This is all well and good for taphonomic and forensic entomology studies of beetle or fly larvae colonization, etc, but for our purposes, where we want to image the acoustic properties of the cadavers, can we truly say the same?

This is something I'm, hopefully, going to explore in the next few blogs by discussing the physics behind the variety of acoustic profilers that can be used. In this way, it should be possible to see where the potential differences between the different cadavers could result in different observations.

Thursday, 6 November 2008

The Obama-wagon...quick, jump!

Firstly, and probably most importantly, congratulations to Senator Obama on his resounding victory Tuesday evening. Secondly, congratulations America!

It was quite a surreal evening for me. I attended my first ever 'Election Party' (I'm not sure what it says about me that it was for an American Election rather than a British one, but...). Throughout the evening there was a lot of talk about how, if Obama got in, people would feel 'proud to be American again', which says a lot for the damage our friend George W. has done to international relations on all levels. However, the best comment of the evening, I think, came when someone said:

'We've really dodged a bullet by avoiding electing Palin as Vice President.'

I couldn't agree more, it's hard to imagine what could be worse that having the gun-toting creationist loitering in the wings, just in case something happened to McCain. I have to admit, though, there is a part of me that feels sorry for Senator McCain. The guy is not a bad politician, and probably wouldn't have made a particularly bad President, but suffered because somehow his party decided Sarah Palin would make a great running-mate!

However, what has grabbed my attention most about the immediate outfall from the election result, is the level of childishly cynical hero worship that has swept around the political world. Nothing describes this better than the pitiful exchange between Gordon Brown and David Cameron in the House of Commons yesterday.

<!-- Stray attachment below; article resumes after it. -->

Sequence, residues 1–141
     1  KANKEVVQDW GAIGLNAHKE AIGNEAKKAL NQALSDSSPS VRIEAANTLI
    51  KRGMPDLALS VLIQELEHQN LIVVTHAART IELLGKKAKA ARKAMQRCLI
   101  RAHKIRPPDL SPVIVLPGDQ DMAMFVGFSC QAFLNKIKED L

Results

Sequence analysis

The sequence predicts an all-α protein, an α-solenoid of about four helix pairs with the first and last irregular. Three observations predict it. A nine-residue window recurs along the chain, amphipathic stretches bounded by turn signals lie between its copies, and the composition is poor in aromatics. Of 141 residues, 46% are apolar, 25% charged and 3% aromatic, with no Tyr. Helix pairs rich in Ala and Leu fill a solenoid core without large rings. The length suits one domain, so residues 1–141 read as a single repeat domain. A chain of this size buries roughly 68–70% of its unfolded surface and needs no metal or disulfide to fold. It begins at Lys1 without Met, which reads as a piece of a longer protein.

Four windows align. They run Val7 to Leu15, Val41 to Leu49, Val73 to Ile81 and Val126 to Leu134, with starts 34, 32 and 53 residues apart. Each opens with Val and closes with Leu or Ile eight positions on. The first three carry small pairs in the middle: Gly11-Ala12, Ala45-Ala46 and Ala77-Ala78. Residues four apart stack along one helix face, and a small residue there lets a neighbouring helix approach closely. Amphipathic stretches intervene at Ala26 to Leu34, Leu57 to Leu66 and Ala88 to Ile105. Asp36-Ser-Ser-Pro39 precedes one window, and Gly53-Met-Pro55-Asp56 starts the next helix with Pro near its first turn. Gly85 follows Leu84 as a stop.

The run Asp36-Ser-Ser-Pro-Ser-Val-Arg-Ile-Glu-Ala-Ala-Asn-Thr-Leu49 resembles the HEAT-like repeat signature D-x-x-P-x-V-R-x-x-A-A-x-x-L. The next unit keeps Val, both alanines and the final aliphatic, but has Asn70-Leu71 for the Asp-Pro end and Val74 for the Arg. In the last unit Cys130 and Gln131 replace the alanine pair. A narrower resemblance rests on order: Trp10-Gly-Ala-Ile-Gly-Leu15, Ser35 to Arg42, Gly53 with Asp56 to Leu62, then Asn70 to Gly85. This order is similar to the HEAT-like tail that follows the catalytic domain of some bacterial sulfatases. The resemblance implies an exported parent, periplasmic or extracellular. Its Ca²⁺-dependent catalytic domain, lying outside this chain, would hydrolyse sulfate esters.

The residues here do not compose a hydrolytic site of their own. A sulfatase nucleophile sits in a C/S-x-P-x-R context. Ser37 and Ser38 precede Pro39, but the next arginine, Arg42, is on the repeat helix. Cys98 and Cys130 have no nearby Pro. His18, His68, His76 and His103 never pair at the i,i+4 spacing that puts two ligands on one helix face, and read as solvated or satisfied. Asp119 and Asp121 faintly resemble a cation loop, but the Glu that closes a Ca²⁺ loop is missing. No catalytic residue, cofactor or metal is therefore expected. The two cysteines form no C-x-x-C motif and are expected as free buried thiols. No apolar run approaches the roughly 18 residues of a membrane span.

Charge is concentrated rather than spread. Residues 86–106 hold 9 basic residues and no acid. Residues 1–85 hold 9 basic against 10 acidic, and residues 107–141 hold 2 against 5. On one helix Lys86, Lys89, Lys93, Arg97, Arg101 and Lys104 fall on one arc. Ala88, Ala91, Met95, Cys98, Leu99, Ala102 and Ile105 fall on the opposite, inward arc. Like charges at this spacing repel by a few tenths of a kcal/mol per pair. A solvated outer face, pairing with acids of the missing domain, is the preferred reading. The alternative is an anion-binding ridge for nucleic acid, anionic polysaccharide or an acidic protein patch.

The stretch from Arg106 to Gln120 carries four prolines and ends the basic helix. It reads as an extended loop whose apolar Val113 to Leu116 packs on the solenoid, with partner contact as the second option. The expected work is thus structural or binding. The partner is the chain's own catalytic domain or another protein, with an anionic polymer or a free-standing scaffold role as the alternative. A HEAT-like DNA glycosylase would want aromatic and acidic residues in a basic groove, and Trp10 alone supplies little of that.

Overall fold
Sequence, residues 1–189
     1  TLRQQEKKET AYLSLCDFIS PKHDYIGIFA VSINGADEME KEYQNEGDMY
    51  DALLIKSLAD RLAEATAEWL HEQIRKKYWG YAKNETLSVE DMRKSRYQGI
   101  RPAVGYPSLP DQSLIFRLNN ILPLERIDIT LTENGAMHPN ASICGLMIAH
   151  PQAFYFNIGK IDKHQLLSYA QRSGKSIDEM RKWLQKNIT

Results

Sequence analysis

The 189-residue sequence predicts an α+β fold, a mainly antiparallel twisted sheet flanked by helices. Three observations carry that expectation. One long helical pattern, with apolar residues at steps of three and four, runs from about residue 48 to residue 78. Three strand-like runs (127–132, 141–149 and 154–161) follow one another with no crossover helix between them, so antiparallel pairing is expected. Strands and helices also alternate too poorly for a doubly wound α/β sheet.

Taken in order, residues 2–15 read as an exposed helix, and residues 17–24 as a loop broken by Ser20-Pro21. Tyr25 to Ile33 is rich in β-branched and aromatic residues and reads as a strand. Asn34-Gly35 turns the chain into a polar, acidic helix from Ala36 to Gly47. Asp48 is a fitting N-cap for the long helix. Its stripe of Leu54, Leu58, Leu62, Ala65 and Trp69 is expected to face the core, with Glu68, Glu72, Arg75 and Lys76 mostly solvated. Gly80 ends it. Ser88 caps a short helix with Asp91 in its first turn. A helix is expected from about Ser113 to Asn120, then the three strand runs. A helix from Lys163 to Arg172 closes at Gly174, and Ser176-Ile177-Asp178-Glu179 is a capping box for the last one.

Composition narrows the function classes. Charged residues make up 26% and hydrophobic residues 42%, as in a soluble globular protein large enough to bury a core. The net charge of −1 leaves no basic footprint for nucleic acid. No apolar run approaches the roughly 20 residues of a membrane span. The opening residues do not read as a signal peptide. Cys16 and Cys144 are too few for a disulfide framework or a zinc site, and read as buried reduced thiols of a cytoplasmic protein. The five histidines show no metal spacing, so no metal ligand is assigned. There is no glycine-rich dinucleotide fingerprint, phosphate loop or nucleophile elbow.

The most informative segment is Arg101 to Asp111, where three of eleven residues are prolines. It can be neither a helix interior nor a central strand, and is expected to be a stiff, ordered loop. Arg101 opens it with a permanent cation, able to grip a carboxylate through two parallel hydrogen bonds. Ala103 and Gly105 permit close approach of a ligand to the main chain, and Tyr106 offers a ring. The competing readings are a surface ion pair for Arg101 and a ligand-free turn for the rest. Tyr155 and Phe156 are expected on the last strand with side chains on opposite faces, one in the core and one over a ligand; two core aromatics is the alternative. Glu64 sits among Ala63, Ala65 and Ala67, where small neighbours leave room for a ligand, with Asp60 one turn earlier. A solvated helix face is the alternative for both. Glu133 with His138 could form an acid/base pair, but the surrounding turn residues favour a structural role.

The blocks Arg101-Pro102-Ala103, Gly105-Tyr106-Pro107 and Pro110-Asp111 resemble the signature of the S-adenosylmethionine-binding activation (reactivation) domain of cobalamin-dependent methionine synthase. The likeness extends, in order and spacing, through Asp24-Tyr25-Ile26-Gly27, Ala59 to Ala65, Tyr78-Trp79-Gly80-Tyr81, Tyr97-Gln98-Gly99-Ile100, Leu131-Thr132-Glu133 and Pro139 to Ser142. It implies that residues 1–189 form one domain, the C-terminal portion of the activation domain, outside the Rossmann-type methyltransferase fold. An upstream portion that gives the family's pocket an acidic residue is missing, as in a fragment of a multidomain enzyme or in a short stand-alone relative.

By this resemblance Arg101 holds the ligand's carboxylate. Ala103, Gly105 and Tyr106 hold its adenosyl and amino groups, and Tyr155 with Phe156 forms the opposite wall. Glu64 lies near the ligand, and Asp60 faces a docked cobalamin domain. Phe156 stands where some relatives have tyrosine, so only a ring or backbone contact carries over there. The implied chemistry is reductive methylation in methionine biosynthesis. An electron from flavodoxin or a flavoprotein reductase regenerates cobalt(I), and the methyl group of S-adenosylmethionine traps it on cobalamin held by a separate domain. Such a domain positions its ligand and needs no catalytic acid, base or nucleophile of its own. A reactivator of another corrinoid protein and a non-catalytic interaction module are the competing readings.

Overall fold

What is more pathetic than two grown men fighting it out to be associated with Senator Obama's victory? Why is it necessary - is the result of the US election really going to influence British voters in their choice of who they will vote for in our forthcoming election? Had the elections happened the other way around (which they might well have), do they really think that Obama and McCain would have reciprocated and been fighting tooth and nail as to whose campaign closest resembled that of the British PM? I think not!

After all the comments on the blog-o-sphere and articles in newspapers and news websites in the UK criticizing American politics over last few years, on the evidence of this we should perhaps be looking a little closer to home!

Tuesday, 4 November 2008

E-Day is nigh

Sadly, there's been little activity on this blog in recent weeks. I assure you, it's not that I don't have anything to say, simply too much to do. As anyone who's ever done a PhD will tell you, as the deadline looms everything else in life gets pushed aside as the behemoth of a thesis grows (you should see the amount of facial hair I now have)!

Today is an interesting day. As I'm sure everyone is aware, it's US Election Day! Over recent weeks the newspaper, together with quite a few of my favorite blogs, have been discussing this topic ad infinitum:

Cosmic Variance
Lab Lemming
Shores of the Dirac Sea
Michael Berube

Plus, probably a million more that I don't read! So, I'm not going to say anything else on the subject, other that try reading some of the above if you're interested.

Oh, and, "Come on Obama!"